In the 1960’s, Chock Full o’ Nuts lunch counters were all over New York City; at one point there were well over one hundred of them, which makes them as ubiquitous as Starbucks are today. But where Starbucks tries too hard to be cool, Chock Full o’ Nuts just was. It will always say New York to me because the New York of my childhood wasn’t the internationally known, shiny-steel-and-glass-skyscraper city that it is now. It was smaller, somehow; it was a city of neighborhoods, of local merchants, of walking to school. It was local corner bar-and- grills (ours was Shield’s, on the corner of Fordham Road and Grand Avenue), not chain, themed restaurants. It was Louis Carbone’s Greengrocers, not Whole Foods. It was my grandparents’ small, personal, electronics store, not cavernous Best Buys. Yes, everything was smaller then, even fun.
For instance, when I was little, among the best treats I could imagine was to go shopping with my mother at Alexander’s or Loehmann’s and stop for a nutted cheese sandwich for lunch. Now, I liked Nedick’s hot dogs – grilled crispy, then placed lovingly in a split-top, buttered-and-grilled roll – and orangeade, too, but offered a choice, I would have chosen a nutted cheese every time.
A nutted cheese was two thin slices of date-and-nut bread slathered with cream cheese and wrapped in waxed paper – with precisely folded hospital corners – and placed first on a doily and then on a thick, pottery, sandwich plate. I have read that the original nutted cheese was two slices of whole wheat raisin bread stuffed with cream cheese with walnuts mixed in and that it was so popular, the founder and owner of Chock Full o’ Nuts, William Black, added the second version as a sort of companion to the first. I don’t remember the earlier version but I loved the second. I loved them so much that my mother baked date-and-nut bread, sliced it paper-thin and smeared cream cheese on both sides for my school lunches. Nutted cheese and sweet, milky tea were indicative of a good afternoon for me.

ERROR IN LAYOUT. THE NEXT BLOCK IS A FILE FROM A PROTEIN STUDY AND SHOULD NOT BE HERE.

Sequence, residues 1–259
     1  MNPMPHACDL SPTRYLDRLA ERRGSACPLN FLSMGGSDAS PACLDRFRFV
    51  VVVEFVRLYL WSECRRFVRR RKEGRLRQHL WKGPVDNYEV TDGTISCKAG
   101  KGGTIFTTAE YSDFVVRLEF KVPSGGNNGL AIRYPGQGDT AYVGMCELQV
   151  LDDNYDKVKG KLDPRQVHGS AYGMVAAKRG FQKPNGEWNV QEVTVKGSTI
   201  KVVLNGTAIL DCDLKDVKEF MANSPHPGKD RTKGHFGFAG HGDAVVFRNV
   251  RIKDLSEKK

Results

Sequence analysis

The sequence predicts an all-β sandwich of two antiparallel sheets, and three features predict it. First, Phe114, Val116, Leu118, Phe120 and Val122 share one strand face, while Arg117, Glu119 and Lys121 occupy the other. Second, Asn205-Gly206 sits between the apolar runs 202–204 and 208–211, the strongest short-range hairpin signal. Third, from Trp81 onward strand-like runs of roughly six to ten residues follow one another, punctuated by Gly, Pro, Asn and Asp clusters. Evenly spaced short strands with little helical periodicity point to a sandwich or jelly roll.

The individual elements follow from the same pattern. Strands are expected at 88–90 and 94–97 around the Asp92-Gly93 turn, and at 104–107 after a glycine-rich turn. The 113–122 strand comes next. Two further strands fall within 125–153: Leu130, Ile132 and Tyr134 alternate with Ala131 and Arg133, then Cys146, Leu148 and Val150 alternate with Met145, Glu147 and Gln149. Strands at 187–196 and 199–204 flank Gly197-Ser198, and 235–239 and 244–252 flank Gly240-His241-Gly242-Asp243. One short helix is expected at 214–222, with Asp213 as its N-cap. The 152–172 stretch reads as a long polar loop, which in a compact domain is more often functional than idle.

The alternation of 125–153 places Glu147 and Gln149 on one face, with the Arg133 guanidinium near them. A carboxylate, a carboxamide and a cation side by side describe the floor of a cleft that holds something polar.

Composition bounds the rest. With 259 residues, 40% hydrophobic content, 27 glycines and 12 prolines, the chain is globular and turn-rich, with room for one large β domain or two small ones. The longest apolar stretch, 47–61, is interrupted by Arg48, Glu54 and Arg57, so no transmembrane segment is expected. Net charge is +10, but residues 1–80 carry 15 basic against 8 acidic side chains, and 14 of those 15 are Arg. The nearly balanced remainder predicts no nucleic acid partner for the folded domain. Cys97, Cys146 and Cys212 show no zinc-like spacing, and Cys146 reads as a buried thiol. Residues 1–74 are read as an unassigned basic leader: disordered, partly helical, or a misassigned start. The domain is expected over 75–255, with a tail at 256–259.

In honor of the approaching holidays when many people like me enjoy baking; my newfound ability in the kitchen; and my great affection for everything concerning my New York childhood, here is a recipe for a version of the nutted cheese sandwich. (A loud and sincere thank you goes to Leah Koenig and her “Lost Foods of New York” column for allowing me the opportunity to revisit my childhood yet again.)
DATE-NUT BREAD AND CREAM CHEESE SANDWICHES
For the bread (makes 1 loaf):
1 cup pitted chopped dried dates
3/4 cup boiling water
1 1/2 cups all-purpose flour
1 1/2 teaspoons baking powder
1/2 teaspoon salt
1 teaspoon cinnamon
1/4 teaspoon nutmeg
1 cup walnuts, coarsely chopped
3 Tablespoons butter, softened
3/4 cup sugar
1 teaspoon vanilla
8-oz package cream cheese, slightly softened
1. Preheat oven to 350°F and lightly grease a 9×5-inch metal loaf pan, set aside.
2. Add the dates to medium-sized, heat-safe bowl. Pour boiling water over top, stir and let stand 15 minutes.
3. Meanwhile, stir together the flour, baking powder, salt, cinnamon, and nutmeg in a medium bowl. Add the nuts and set aside.
4. In a separate large bowl, cream together the butter and sugar until combined (mixture might look crumbly). Add eggs and vanilla and mix until smooth and combined.
5. Alternate between adding the flour mixture and the date mixture (including remaining water), 1/2 of each at a time, mixing until combined.
6. Pour batter into prepared pan and bake 45-55 minutes, until bread is almost completely baked, but a few crumbs still stick to a toothpick inserted into the loaf. The bread will continue cooking after it is removed from the oven, so be careful not to overbake.
Assemble the sandwiches:
7. Let bread cool for 10-15 minutes, then remove from pan and let cool fully on a rack. Once cooled, slice bread and serve as closed or open-faced sandwiches spread with a tablespoon or two of cream cheese.
2 thoughts on “Chock Full o’ Nuts is the Heavenly Coffee”
I first arrived in NYC to live in the summer of 1972. The Chock Full of Nuts luncheonettes you speak of are one of the strong memories of that time. As a Midwest girl trying to get breakfast or lunch there was always a challenge because of all the NYers who knew want they wanted and where they were going. Your description of the unpretentious faculties with wrap around counters and pleather bar stools to sit on help conjure the memory. And the waitresses behind the counters wore pinstriped dress uniforms with little matching handkerchief mantelles hair-pinned to their heads. Thanks for the memory.
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